On March 1, 1954 the United States detonated a 15 megaton nuclear weapon on the Bikini Atoll, in the Marshall Islands, in a test codenamed "Castle Bravo." It was detonated on the surface rather than being dropped by air and is the fifth most powerful nuclear weapon detonation in history.
The yield was about two and half times greater than expected and resulted in nuclear fallout spreading for about 7,000 square miles (18,130 square kilometers) across the Pacific, leaving residents of the Marshall Islands, U.S. military personnel and the crew of a Japanese fishing trawler exposed to a high level of radiation, according to an article published in 2017 by the Atomic Heritage Foundation. Some residents had to be evacuated, and the people of the Marshall Islands suffered an elevated rate of cancer.
The Castle Bravo test, and the harm done to the residents, triggered global protests against the testing of nuclear bombs. In future decades, the U.S. government paid compensation to island residents; retired U.S. military personnel launched a case against the government in 1984, alleging that the American government had downplayed the radiation danger.
On May 5, 1954, another nuclear weapon was detonated on a barge beside the Bikini Atoll. The "Castle Yankee" test resulted in a yield of 13.5 megatons. It is the sixth most powerful nuclear weapon ever detonated in history, being about 900 times more powerful than the one dropped on Hiroshima. In the years that followed, global pressure would mount for a ban on nuclear tests to come into place.
The Bikini Atoll is a coral reef that surrounds a lagoon. Prior to nuclear testing, people lived on the atoll. The population was removed before the tests and has never been able to return because the atoll is still contaminated with remains from the radioactive fallout.
On Oct. 23, 1961, the Soviet Union dropped a 12.5 megaton bomb on the Novaya Zemlya archipelago, about 830 times as powerful as the Hiroshima bomb. It is the seventh most powerful nuclear weapon detonated in history. Known as "test 123," it was a prelude to the "Tsar Bomba," which would be dropped in the same area just a week later.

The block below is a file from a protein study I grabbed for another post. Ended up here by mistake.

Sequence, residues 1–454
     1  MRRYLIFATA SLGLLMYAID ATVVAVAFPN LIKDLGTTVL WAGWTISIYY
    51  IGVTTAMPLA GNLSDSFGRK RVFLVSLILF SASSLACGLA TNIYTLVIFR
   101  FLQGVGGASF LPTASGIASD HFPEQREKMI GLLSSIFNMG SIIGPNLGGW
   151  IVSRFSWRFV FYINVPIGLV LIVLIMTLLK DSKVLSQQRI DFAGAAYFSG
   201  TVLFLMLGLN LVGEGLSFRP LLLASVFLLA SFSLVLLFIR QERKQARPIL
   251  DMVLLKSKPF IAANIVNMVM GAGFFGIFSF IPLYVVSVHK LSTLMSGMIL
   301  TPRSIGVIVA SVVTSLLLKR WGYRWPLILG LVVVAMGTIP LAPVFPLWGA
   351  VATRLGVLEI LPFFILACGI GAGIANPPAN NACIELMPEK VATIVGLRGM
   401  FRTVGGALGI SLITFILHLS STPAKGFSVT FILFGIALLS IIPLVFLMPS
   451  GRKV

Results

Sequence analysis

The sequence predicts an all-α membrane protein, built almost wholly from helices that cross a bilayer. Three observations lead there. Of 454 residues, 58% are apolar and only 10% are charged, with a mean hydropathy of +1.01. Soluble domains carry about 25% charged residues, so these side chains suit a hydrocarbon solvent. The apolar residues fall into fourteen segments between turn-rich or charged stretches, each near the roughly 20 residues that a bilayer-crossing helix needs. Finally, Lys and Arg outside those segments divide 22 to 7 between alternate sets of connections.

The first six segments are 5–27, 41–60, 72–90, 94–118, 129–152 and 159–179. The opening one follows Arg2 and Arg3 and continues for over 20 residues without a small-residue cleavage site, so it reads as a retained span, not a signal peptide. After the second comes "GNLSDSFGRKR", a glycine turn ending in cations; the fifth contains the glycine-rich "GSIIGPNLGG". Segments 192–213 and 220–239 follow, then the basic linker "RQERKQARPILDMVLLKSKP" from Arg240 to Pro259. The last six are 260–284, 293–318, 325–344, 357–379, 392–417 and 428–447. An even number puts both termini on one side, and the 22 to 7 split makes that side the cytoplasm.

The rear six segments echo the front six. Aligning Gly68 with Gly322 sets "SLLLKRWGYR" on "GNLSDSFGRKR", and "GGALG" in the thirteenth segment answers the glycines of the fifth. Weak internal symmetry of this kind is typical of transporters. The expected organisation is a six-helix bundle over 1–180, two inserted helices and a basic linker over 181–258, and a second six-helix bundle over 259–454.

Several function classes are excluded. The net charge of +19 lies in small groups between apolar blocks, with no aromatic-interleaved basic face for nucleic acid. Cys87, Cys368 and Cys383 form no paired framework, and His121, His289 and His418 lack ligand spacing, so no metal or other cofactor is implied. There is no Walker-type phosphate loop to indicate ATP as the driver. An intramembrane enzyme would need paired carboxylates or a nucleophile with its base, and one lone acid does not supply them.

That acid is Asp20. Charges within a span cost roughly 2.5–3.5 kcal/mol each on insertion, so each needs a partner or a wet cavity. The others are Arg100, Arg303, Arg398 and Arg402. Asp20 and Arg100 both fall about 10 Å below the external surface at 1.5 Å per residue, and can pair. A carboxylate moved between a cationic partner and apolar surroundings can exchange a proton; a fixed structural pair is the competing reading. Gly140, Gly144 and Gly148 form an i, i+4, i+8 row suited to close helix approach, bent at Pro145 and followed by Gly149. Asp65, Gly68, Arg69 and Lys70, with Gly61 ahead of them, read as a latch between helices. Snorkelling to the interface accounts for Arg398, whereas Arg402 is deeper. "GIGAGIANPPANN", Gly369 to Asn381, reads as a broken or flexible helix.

According to an article published in 1996 in the journal Polar Geography, this archipelago had small populations of people living there prior to nuclear testing. These people engaged in hunting and trapping.
On March 26, 1954, a nuclear weapon was detonated on a barge off the Bikini Atoll. It yielded an 11 megaton nuclear explosion that was about 730 times as powerful as the Hiroshima bomb. Codenamed "Castle Romeo," the test was carried out just a few weeks after the Castle Bravo test that had spread radioactive fallout across the Marshall Islands.
According to Nukemap, a nuclear weapon of this intensity airburst over New York City's Central Park would produce a fireball that would cover the park and a wave of intense thermal radiation that would extend as far as Port Chester.
On Nov. 1, 1952, "Ivy Mike" or "Mike," would become the first thermonuclear weapon (hydrogen bomb) to be fully detonated — yielding a 10.4 megaton explosion, about 690 times the size of the Hiroshima bomb. It was detonated on the surface of the Enewetak atoll on the Marshall Islands. At the time it was detonated, the Korean War was raging and a nuclear arms race had developed between the United States and Soviet Union.
Whether to develop the hydrogen bomb was a subject of debate within the Truman administration, with some officials pushing against it and others pushing for it, an article on the Atomic Heritage Foundation website noted, with president Truman ultimately deciding to build it.
Originally published on Live Science.
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Owen Jarus is a regular contributor to Live Science who writes about archaeology and humans' past. He has also written for The Independent (UK), The Canadian Press (CP) and The Associated Press (AP), among others. Owen has a bachelor of arts degree from the University of Toronto and a journalism degree from Ryerson University.